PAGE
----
Give it away for free

Sell or donate magazine articles or bits of your book to magazines, newspapers, or newsletters. Writing for free can be a great way to build your writing platform.

Add research to your writing portfolio

Conduct focus groups or send out surveys to convince publishers that your idea has merit and will sell. This will build your writing platform by giving you tangible support.

Ask for a commitment

Ask an organization to commit to buying a hundred or so copies of your published book – and include their letter of commitment with your book proposal.

The idea behind creating a writer’s platform is to get your name and writing out there as much as possible! Publicity begets publicity, writing begets writing, getting published begets getting published, books beget books…

For more tips on building your writing portfolio, read Get Known Before The Book Deal: Use Your Personal Strengths To Grow An Author Platform.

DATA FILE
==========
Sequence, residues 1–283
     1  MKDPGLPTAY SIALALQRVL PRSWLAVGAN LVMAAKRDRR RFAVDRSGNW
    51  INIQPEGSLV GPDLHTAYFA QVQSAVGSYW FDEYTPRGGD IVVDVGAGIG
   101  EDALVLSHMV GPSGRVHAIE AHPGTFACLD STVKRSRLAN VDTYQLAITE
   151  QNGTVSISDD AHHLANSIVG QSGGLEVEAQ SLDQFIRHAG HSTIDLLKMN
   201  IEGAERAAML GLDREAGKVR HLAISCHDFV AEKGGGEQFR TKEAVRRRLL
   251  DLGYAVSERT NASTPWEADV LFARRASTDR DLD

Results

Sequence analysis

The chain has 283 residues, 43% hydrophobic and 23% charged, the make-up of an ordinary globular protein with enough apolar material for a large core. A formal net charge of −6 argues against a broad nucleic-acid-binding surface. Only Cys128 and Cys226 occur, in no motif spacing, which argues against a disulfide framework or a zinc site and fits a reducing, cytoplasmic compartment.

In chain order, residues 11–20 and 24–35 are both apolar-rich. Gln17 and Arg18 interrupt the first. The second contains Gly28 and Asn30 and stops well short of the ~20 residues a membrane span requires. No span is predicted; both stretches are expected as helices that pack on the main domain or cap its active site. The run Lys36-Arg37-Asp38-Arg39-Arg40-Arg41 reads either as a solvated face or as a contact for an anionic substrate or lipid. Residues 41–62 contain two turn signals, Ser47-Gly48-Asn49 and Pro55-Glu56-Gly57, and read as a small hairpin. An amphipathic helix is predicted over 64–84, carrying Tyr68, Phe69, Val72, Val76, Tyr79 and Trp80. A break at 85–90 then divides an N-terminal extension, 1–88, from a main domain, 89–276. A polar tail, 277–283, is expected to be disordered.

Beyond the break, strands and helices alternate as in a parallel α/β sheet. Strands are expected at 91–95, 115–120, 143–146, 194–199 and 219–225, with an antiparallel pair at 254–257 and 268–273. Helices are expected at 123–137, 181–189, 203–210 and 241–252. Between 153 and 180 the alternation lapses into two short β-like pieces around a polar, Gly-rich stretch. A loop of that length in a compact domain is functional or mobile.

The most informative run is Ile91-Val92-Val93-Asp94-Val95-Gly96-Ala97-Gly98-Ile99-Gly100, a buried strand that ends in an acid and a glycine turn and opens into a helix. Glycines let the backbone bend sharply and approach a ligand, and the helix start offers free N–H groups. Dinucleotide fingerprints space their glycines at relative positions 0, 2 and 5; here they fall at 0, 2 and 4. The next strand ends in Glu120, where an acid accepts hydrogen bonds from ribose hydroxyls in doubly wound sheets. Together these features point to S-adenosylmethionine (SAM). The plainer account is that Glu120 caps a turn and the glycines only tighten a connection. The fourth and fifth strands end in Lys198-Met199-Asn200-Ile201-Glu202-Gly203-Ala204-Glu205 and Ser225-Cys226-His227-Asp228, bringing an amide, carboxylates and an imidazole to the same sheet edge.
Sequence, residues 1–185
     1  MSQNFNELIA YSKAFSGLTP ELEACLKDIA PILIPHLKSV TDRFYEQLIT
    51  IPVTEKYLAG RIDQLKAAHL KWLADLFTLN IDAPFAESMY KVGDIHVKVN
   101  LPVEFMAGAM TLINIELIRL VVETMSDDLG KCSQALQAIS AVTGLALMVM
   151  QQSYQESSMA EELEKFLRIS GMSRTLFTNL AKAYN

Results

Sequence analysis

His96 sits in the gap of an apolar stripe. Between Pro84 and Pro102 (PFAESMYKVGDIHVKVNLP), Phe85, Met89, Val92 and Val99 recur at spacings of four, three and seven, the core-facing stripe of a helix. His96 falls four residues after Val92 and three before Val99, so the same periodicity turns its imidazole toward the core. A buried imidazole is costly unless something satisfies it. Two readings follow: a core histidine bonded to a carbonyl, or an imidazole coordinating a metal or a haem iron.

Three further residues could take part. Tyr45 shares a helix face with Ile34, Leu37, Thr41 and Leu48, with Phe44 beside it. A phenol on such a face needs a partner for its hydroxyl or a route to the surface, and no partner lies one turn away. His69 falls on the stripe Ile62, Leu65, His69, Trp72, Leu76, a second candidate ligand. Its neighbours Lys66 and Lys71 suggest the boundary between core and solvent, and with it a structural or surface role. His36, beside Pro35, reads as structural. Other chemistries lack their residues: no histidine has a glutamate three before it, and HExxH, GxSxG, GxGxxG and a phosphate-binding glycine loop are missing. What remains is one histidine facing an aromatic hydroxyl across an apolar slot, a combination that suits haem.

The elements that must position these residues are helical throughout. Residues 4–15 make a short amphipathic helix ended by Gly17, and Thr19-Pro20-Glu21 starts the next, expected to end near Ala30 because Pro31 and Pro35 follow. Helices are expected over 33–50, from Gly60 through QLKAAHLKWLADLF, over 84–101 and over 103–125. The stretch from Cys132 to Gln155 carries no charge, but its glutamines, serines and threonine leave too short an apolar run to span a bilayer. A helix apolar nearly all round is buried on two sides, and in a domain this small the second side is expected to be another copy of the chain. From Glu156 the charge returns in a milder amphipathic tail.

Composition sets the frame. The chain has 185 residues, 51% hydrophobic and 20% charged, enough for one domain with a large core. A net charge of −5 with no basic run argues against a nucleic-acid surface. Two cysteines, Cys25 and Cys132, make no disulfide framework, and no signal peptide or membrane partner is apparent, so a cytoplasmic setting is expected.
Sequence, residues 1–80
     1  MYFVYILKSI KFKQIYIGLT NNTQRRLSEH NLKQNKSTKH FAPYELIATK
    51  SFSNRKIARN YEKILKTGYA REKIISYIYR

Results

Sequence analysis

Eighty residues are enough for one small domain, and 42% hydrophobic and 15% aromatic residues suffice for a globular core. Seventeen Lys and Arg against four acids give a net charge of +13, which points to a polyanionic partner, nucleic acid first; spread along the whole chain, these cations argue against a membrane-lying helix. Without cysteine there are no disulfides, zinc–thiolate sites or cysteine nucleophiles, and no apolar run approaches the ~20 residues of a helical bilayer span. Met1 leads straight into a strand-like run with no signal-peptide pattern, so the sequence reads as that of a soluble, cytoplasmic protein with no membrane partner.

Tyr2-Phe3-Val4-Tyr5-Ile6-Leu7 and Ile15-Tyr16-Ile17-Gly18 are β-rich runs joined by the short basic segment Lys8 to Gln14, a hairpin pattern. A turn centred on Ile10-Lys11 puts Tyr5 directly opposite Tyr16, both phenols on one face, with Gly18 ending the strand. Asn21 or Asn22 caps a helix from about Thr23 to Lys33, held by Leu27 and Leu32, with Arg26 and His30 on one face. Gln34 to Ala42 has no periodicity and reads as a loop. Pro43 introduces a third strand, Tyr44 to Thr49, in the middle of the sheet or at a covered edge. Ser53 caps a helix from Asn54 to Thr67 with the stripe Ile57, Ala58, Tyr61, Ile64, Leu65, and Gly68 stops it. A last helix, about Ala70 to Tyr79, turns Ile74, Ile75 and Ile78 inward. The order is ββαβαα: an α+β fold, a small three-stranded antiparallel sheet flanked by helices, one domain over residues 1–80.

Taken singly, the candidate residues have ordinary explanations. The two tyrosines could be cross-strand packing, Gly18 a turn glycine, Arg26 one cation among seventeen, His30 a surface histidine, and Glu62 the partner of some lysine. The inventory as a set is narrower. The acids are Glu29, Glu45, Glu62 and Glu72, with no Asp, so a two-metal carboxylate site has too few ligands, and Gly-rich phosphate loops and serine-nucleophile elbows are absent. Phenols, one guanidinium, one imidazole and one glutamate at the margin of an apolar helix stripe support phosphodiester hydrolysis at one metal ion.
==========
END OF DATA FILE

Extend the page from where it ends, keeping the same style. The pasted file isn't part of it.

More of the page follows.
For more platform-building tips, read Twitter for Writers – How Tweets Help Writing Careers.




Fellow scribes, what are your tips for creating a writer’s platform? I welcome you below!

  7 Responses to “What is a Writer’s Platform? 10 Tips for a Writing Portfolio”

  1. Thank you so much for this great article Laurie! You’re awesome! I’ve had quite a few messages from my readers saying they loved these tips.

  2. Thanks for your feedback, Kylie!

    Actually, I think professional writers earn at least $50 per hour, not necessarily per word (that’s what I charge, anyway).

    I’ve been writing for Suite101 since Oct, 2006. Sure, there are lots of hobby writers there. And, there are lots of professional writers and bloggers, like me!

    In fact, I have an email from the editor of an architectural magazine sitting in my in-box right now, waiting to be answered……she likes my Suite writing style (she found me through my Suite articles) and wants to know how much I charge. I’m debating whether to say $50 per hour or $1 a word…..either way, it’s sweet! :-)